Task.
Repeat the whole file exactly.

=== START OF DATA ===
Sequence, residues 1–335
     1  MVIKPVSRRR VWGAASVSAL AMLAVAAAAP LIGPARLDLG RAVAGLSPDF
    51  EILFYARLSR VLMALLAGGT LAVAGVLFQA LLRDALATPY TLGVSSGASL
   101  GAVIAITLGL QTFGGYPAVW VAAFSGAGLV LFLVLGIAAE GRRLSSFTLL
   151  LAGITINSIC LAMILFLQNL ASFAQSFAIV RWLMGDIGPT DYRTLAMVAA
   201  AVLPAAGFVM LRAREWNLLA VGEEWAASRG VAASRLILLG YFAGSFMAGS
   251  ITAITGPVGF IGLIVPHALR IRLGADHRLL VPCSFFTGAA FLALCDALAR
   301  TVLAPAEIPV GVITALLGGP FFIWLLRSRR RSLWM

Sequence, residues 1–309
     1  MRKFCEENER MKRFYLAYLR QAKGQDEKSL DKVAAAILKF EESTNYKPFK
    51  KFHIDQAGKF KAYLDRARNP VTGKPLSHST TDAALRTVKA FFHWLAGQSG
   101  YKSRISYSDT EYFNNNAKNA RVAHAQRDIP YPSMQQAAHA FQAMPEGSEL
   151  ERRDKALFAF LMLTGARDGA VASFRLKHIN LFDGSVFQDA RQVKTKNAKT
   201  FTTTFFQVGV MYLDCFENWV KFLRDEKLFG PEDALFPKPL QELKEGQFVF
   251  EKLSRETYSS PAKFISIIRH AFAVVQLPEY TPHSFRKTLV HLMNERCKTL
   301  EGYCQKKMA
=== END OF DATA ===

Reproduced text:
Sequence, residues 1–335
     1  MVIKPVSRRR VWGAASVSAL AMLAVAAAAP LIGPARLDLG RAVAGLSPDF
    51  EILFYARLSR VLMALLAGGT LAVAGVLFQA LLRDALATPY TLGVSSGASL
   101  GAVIAITLGL QTFGGYPAVW VAAFSGAGLV LFLVLGIAAE GRRLSSFTLL
   151  LAGITINSIC LAMILFLQNL ASFAQSFAIV RWLMGDIGPT DYRTLAMVAA
   201  AVLPAAGFVM LRAREWNLLA VGEEWAASRG VAASRLILLG YFAGSFMAGS
   251  ITAITGPVGF IGLIVPHALR IRLGADHRLL VPCSFFTGAA FLALCDALAR
   301  TVLAPAEIPV GVITALLGGP FFIWLLRSRR RSLWM

Sequence, residues 1–309
     1  MRKFCEENER MKRFYLAYLR QAKGQDEKSL DKVAAAILKF EESTNYKPFK
    51  KFHIDQAGKF KAYLDRARNP VTGKPLSHST TDAALRTVKA FFHWLAGQSG
   101  YKSRISYSDT EYFNNNAKNA RVAHAQRDIP YPSMQQAAHA FQAMPEGSEL
   151  ERRDKALFAF LMLTGARDGA VASFRLKHIN LFDGSVFQDA RQVKTKNAKT
   201  FTTTFFQVGV MYLDCFENWV KFLRDEKLFG PEDALFPKPL QELKEGQFVF
   251  EKLSRETYSS PAKFISIIRH AFAVVQLPEY TPHSFRKTLV HLMNERCKTL
   301  EGYCQKKMA